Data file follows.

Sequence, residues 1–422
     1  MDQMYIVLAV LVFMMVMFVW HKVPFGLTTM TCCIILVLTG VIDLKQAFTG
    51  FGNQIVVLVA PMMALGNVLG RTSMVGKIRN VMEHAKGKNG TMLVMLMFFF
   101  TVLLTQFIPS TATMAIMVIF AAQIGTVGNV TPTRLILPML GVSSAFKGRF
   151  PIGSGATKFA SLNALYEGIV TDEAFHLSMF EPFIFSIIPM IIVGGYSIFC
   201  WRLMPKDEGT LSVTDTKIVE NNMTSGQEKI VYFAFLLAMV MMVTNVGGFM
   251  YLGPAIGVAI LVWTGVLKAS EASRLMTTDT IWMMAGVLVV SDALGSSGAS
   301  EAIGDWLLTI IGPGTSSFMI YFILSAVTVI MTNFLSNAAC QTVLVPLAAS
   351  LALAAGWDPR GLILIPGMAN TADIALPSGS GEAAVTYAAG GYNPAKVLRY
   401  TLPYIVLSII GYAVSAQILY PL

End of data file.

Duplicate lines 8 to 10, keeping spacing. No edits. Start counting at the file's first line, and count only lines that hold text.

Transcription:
   301  EAIGDWLLTI IGPGTSSFMI YFILSAVTVI MTNFLSNAAC QTVLVPLAAS
   351  LALAAGWDPR GLILIPGMAN TADIALPSGS GEAAVTYAAG GYNPAKVLRY
   401  TLPYIVLSII GYAVSAQILY PL